I realized that part of what was driving my zeal was a self-serving ambition. I was enjoying the thought of being spiritually powerful and the possibility of being recognized for it. I had the gold-star syndrome. This was so far removed from Jesus’ humble words: “I can of mine own self do nothing” (John 5:30). This is when I began to see that true humility is the key to real zeal. After all, when we are rightfully zealous, we are simply expressing the one Spirit in all our thought and activity. To be animated by the one Spirit, we have to stop trying to lead—and be willing to follow. After learning this I realized that I needed to give up all beliefs related to self-importance and self-will. Selfishness in any form or degree, I learned, obscures the true spiritual foundation that would otherwise bring success.

Continuing my prayer to completely reform—transform—my methods, I found another statement in Science and Health that helped: “The Christian Scientist has enlisted to lessen evil, disease, and death; and he will overcome them by understanding their nothingness and the allness of God, or good” (p. 450). One dictionary definition of enlist is “to participate heartily” (Merriam-Webster.com). Mary Baker Eddy clearly saw vigorous and enthusiastic activity as very important—but she included a qualifier. Christian Scientists are to participate heartily in lessening evil, by understanding its nothingness, and the allness of God, or good. The original premise to move to Tacoma was to solve the apparent problems in the community, but I worked to overpower the evil with blind enthusiasm and mortal willpower. This was the opposite of lessening evil by understanding its nothingness.

During this time of falling and picking myself up, I noticed that my prayerful work had been quite spasmodic. In another one of her books, Retrospection and Introspection, Mrs. Eddy uses the word spasmodic in order to help her students understand what’s needed to be an effective healer. She writes, “Experience has taught me that the rules of Christian Science can be far more thoroughly and readily acquired by regularly settled and systematic workers, than by unsettled and spasmodic efforts” (p. 87). My efforts were spasmodic and irregular because the wrong kind of zeal was driving my activity. The source of my action was inconsistent, so the action itself was inconsistent. Interestingly, as honest humility, or real zeal, has become more consistent, so has my “regularly settled and systematic” work. I’m not less motivated and enthusiastic, but I’m able to wait patiently and pray more persistently. I enjoy watching things work out based on God’s design. My personal activism has dissipated.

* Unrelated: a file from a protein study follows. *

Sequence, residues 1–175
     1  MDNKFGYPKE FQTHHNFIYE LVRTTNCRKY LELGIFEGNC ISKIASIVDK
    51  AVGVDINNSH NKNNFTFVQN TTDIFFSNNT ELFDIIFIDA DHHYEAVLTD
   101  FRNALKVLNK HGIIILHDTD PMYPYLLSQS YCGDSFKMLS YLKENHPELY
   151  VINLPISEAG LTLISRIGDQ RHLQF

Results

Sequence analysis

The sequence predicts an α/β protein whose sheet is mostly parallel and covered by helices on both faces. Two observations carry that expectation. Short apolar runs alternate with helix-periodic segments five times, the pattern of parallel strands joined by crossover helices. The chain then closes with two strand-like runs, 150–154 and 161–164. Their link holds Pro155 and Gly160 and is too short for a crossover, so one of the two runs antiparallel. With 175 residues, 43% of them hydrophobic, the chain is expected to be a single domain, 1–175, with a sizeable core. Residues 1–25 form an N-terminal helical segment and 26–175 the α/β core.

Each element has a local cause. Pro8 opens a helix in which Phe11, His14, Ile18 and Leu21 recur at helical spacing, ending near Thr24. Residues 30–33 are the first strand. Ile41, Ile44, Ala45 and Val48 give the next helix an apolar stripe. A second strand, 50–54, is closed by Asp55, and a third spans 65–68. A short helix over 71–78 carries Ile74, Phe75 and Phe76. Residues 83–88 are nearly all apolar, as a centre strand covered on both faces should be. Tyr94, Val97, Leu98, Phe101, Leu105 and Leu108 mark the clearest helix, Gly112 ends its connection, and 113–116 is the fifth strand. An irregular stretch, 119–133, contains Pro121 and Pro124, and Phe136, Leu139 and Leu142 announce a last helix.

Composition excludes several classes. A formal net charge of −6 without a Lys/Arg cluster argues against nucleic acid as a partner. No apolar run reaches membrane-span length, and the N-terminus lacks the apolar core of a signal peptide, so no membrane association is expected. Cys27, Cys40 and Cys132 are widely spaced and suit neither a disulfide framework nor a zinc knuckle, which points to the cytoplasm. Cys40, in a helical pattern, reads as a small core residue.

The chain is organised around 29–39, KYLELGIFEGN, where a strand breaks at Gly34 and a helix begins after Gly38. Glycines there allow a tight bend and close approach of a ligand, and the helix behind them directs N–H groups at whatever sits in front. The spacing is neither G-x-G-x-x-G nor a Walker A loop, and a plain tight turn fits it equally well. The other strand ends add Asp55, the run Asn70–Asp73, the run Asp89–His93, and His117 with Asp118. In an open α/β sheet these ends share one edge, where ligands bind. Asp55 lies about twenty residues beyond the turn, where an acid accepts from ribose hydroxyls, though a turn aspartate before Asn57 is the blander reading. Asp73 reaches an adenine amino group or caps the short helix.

I realize now that the public practice of Christian healing must come from a deep spiritual fitness, to heal in a Christianly scientific way. Achieving this fitness takes unwavering dedication and a willingness to untangle the web of false beliefs that are in human consciousness. This fierce devotion to the Christian Science movement takes real zeal. Someone might argue that this is still activism, but I have a hard time calling it activism or calling myself an activist. In fact, now I try to avoid those terms entirely.

Obedience seems to be a much better term. Obedience to “the reflected animation of Life, Truth, and Love” is honest humility. And that’s being enlisted with real zeal.


Ian Gudger lives in Tacoma, Washington.